Sola3010 & Sola9009 Low Energy Buildings and Photovoltaics Course Outline

Topics: Photovoltaics, Building engineering, Architecture Pages: 9 (2659 words) Published: August 13, 2011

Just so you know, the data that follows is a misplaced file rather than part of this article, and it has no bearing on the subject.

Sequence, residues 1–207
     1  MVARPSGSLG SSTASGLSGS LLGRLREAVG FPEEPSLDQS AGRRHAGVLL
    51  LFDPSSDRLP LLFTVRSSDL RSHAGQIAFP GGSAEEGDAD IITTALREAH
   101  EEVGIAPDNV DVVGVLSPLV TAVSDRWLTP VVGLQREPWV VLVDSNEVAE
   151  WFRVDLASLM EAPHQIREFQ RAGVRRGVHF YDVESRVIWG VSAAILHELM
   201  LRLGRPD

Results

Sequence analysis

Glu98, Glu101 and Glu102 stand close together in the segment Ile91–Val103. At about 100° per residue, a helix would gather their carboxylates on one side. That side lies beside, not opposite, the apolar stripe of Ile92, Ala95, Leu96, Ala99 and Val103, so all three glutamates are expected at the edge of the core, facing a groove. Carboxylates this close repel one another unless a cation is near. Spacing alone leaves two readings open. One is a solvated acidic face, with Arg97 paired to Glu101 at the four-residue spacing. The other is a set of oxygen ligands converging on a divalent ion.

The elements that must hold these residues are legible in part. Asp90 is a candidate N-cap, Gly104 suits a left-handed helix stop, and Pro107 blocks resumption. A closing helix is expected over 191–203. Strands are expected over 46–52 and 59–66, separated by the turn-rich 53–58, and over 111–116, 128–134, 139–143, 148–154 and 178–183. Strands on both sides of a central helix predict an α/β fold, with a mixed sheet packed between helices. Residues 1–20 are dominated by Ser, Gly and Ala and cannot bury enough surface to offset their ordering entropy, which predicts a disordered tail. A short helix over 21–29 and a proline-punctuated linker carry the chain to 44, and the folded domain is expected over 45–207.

SOLA3010 & SOLA9009 Low Energy Buildings and Photovoltaics Course Outline 6 Units of Credit (UOC) 4 contact hours per week Course Context and Description Building energy use comprises about 40% of the total electrical energy used in NSW. Since the advent of artificial heating and lighting methods and the modernist aesthetic, much of the traditional wisdom that informed climate-specific vernacular architecture has been abandoned. There is currently significant interest in reducing energy use in buildings and particularly greenhouse gas production in buildings, by: 1. Using intelligent building design that responds to the climatic conditions found at the site. 2. Implementing efficiency measures that reduce waste of energy. 3. Producing energy (heat or electrical) from renewable sources. PV is one of the few renewable electricity generation options that can be readily used in urban areas and has no environmental impacts at the site. PV was first used in buildings in the 1970s, usually in remote areas without access to the grid. In the 1980s, grid-connected PV modules on roofs of houses were demonstrated. The term Building-Integrated PV (BIPV) describes the integration of PV modules into building materials so that PV forms part of the building envelope such as the roof, walls or glazing elements of the building. In the 1990s, BIPV demonstration projects in the US, Europe and Japan led to BIPV construction products being developed and commercialised. BIPV is usually part of the building envelope, hence requiring no separate support structure; and replacing conventional building materials, including high-value commercial building façades which can cost as much as a PV façade. Recently, BIPV products have begun to evolve into elegant building technologies designed to also provide shading, daylighting, raincladding or noise protection for buildings (see BIPV pictures). The collection and reuse of the waste heat from PV, known as PV-T technology is also an area being commercialised. Photovoltaics in buildings and the built environment in general is one of the fastest growing markets for PV, particularly in Europe. Although prices for PV electricity in Europe are significantly higher than grid electricity, GHG reduction goals, supported by government initiatives and the high value accorded to a “green” image in buildings have created an environment where PV in buildings has experienced strong growth. There is currently significant interest in reducing energy use and greenhouse gas production in buildings by designing buildings that are climate-appropriate, implementing energy efficiency measures and producing energy from renewable sources. Prediction of building thermal, lighting performance and solar access, and techniques for energy efficient design